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Comment Everyone loses or some lose? (Score 3, Insightful) 315

I find the blurb difficult to understand with its talk of IPs winning and losing. From the article:

Not surprisingly, they found that broadband service providers were the ones to gain the most from ending net neutrality because they could collect fees from content providers. The content providers such as Yahoo! and Google, in turn, would be the biggest losers.

Consumers will "win" if their favorite online provider is the one paying a fee to the telephone or cable company because it comes with a guarantee that its site would have the opportunity to load faster than its competitors, Cheng said. But those consumers who prefer a content provider that paid no such fee will "lose" in having to endure slower service, he said.
However, that implies there are both winners and losers. I'm not sure why the submitter claims that "everyone looses [sic]."

Submission + - Linux "greener" than windows

GrapeSteinbeck writes: " reports a new study commisioned by the UK government of e-commerce:

A new report from the U.K. Office of Government Commerce about Open Source Software Trials in Government, has found that servers running Linux could combat the rising problem of e-waste because they last up to twice as long as machines running Windows.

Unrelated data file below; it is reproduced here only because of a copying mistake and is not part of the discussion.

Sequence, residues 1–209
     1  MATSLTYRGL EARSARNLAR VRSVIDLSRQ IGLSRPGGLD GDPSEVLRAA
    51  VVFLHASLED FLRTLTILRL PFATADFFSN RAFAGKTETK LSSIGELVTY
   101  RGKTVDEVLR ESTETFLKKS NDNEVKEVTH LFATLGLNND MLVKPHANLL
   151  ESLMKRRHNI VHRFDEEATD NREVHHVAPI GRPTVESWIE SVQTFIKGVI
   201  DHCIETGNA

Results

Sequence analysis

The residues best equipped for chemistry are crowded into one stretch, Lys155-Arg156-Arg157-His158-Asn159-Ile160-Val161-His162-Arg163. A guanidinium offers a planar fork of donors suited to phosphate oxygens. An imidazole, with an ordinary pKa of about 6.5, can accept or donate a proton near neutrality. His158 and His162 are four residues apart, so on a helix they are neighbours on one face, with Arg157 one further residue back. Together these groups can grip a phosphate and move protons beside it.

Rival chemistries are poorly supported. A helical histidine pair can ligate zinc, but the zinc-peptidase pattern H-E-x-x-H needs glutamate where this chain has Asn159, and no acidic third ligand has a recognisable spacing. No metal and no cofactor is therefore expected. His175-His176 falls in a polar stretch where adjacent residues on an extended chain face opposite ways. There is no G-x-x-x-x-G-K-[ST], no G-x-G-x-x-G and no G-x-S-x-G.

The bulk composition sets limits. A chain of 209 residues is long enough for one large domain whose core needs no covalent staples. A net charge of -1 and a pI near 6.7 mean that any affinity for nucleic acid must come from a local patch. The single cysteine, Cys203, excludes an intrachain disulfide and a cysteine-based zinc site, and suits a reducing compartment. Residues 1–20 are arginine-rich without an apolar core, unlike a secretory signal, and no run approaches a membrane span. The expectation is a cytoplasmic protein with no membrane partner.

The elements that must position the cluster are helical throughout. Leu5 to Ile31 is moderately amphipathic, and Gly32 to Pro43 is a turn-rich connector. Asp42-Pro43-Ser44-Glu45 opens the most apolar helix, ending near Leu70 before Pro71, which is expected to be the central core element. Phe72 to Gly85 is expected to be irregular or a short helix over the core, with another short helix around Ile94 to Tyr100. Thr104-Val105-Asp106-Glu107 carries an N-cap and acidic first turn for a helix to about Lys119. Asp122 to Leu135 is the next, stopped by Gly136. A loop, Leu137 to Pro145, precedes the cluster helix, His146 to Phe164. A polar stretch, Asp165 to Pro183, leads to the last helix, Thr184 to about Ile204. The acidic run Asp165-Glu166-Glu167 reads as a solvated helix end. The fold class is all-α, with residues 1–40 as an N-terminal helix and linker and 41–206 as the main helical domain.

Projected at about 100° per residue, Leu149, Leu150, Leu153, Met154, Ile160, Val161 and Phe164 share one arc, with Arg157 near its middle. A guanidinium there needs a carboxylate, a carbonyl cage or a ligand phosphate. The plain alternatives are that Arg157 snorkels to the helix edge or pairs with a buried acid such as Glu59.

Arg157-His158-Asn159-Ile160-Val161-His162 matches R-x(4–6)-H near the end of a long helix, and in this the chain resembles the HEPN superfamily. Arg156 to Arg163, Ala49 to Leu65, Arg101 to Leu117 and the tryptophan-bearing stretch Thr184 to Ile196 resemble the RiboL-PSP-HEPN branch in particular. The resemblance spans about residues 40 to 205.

The report said:

"One of the benefits frequently put forward for the use of open source software is the level of resources needed to support it. This means that for equivalent open source and Microsoft Windows systems, the open source will require less memory and a slower processor speed for the same functionality"

Submission + - EverQuest II embeds Mozilla browser

An anonymous reader writes: EverQuest II's next release will include an embedding of the Mozilla browser. It's currently live on the test server and has a few issues that will hopefully be resolved before release. art=15&topic_id=347230

Some interesting uses of the browser such as automatically searching for quest hints are being discussed on the interface board: t=7846
Data Storage

Submission + - Google paper on disk reliability

oski4410 writes: The Google engineers just published a paper on Failure Trends in a Large Disk Drive Population. Based on a study of 100,000 disk drives over 5 years they find some interesting stuff. To quote from the abstract:

"Our analysis identifies several parameters from the drive's self monitoring facility (SMART) that correlate highly with failures. Despite this high correlation, we conclude that models based on SMART parameters alone are unlikely to be useful for predicting individual drive failures. Surprisingly, we found that temperature and activity levels were much less correlated with drive failures than previously reported."

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